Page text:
Real estate mogul and Real Madrid superstar Florentino Perez has recently been saying he’d like to see the sport return to the United States.
But as of today, he won’t be able to.
That’s because a new federal law, the Real Estate Settlement Procedures Act (RESPA), requires every state to have a state commissioner of real estate.
The new law, which took effect on January 1, makes it easier for states to revoke the license of a company with a registered agent in another state, which can lead to a ban on their operations.
The legislation was approved by the Senate and is expected to go to President Donald Trump.
The law has had a profound impact on real estate, says Robert W. Laskin, a professor at the University of Southern California School of Law.
“It’s been a huge driver of economic growth in the country, and it’s going to continue to have an impact on the growth of the real estate market,” says Laskins, who is a co-author of the book “Real Estate and the Rise of the New Real Estate Boom”.
“In addition to having a massive impact on economic growth, it’s also been a driver of real-estate regulation in other states.”
Under RESPA, all states are required to conduct an annual audit of their registered agent programs and report any problems to the US Attorney General.
And if the audit shows that a company has not been complying with the law, then the state must immediately revoke its license.
The law, however, does not require states to monitor the status of the licenses of companies.
In the US, that would require a government agency like the Federal Trade Commission (FTC).
“Respecting the sovereignty of states is critical to the rule of law,” says Rebecca Hensley, a law professor at Ohio State University.
Respect of states was an important theme of the Republican presidential primary campaign, and Trump has frequently referenced the law in recent weeks.
After being elected in November, Trump issued an executive order ordering that all US state governments, and their agencies, must conduct annual audits of their agents and assess whether they have complied with the RESPA.
And in a move that will be seen as a victory for real estate interests, Trump has now ordered all federal agencies to develop a plan to monitor and remove companies that are not compliant with the new law.
As part of its enforcement efforts, the FTC has been working with state attorneys general to get to the bottom of the issue, and is working to create a database to track violations.
So far, the SEC has only found five companies that have not complied with RESPA and revoked their licenses, according to an SEC filing in March.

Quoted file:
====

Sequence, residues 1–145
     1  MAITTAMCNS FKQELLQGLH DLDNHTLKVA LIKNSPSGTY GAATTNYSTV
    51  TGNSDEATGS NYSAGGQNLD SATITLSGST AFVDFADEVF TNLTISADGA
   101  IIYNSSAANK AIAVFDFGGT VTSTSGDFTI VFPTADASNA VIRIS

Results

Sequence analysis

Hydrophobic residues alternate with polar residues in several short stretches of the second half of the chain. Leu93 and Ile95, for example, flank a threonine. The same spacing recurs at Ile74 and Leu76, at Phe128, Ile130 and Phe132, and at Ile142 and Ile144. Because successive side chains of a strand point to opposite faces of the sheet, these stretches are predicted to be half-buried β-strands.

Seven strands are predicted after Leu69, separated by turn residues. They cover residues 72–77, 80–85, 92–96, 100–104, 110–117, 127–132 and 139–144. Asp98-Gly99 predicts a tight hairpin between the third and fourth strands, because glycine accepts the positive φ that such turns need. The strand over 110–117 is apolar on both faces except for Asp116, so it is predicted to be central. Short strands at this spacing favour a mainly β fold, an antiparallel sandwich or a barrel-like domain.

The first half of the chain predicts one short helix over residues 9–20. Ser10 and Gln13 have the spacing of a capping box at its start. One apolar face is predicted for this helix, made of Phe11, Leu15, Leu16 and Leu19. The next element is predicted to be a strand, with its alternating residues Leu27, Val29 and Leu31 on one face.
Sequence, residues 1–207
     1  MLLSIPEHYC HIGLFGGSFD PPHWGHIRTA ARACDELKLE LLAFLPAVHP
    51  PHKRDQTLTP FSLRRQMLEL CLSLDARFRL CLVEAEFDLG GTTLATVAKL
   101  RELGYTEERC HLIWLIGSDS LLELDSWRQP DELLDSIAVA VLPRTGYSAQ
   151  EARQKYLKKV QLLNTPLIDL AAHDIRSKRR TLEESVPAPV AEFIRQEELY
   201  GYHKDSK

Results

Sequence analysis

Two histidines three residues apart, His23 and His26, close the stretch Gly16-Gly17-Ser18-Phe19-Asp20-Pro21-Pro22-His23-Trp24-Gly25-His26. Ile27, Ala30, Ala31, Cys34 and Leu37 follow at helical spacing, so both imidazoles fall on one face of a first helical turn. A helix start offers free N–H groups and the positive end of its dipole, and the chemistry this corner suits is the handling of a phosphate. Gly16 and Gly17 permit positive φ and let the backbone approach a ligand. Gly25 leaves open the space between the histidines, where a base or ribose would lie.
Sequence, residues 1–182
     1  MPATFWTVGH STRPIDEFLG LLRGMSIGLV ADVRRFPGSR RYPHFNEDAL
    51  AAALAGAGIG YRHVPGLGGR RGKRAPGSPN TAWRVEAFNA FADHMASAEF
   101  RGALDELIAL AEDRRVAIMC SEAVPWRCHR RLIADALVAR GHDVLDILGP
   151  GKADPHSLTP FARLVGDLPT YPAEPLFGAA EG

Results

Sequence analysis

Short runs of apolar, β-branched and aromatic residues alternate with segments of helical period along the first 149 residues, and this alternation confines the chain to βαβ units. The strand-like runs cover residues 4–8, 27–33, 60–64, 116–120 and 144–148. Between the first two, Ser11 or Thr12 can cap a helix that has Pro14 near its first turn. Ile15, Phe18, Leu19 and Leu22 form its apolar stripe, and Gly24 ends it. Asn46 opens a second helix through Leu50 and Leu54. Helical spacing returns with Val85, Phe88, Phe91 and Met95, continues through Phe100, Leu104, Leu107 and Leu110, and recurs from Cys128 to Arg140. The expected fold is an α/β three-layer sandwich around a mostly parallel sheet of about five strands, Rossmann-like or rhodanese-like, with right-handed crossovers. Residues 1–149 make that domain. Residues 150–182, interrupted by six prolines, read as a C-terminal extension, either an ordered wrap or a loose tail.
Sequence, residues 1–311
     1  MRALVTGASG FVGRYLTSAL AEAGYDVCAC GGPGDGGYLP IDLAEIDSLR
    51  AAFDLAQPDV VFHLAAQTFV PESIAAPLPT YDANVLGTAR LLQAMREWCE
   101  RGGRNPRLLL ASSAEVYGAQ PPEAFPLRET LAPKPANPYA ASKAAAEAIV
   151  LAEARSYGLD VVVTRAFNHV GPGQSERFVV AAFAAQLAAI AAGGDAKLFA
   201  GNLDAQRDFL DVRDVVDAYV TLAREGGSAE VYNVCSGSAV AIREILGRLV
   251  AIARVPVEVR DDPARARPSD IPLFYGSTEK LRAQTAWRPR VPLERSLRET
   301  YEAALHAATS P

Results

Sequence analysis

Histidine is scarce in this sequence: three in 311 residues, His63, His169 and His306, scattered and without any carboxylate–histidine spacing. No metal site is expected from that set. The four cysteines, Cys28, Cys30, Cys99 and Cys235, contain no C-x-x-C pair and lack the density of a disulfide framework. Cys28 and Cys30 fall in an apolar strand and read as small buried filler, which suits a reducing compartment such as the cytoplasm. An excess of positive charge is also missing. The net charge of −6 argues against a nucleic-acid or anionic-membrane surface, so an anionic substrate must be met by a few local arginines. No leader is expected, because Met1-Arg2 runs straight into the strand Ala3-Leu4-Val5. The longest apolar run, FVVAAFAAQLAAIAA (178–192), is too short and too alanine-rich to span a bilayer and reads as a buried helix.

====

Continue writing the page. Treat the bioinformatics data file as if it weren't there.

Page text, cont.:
But the SEC does not have an official count of the number of states that have revoked licenses, and only the most recent six states, which were all in the same region, have received the most attention.
The SEC did not immediately respond to requests for comment.
With real estate being a hot commodity, states have taken measures to crack down on real-ty business in recent years.
California, New York, Vermont, New Jersey and Florida have enacted laws requiring agents to register with the state or face possible fines of up to $10,000 per violation.
And New York’s real-tourism authority has also been cracking down on the use of foreign agents to make a living.
At the same time, many states have created their own real-tor licensing boards, creating a body of regulators with the authority to oversee the operation of realtors.
It’s unclear how many states will have the authority under RESPA to issue new licenses to foreign agents, and even if they do, it could be difficult to enforce, Laskis says.
A lot of states are going to be seeing the effects of this.
In a letter to the Federal Reserve Bank of Dallas, a coalition of states, real estate companies and real estate advocates said the new regulation would have “serious negative consequences for the ability of the U.S. to compete on the international stage”.
So, what happens next?
According to the Financial Times, a number of realty interests have already spoken out about the impact the new RESPA will have on their business.
Last month, the National Association of Realtors warned that real-tederror licensing may not be possible in many states.
Even with RESPa, real-land sales, which account for roughly 15% of all the transactions in the US market, are still in the very early stages of the economic boom, says Brian Blau, president of the Realtor Institute.
Blau told the Financial Press that the new REPA would “cut into our ability to get people in the homes we want to sell to the best potential buyers in the market, which will ultimately hurt the local economy”.
Meanwhile, the real-treasurer association,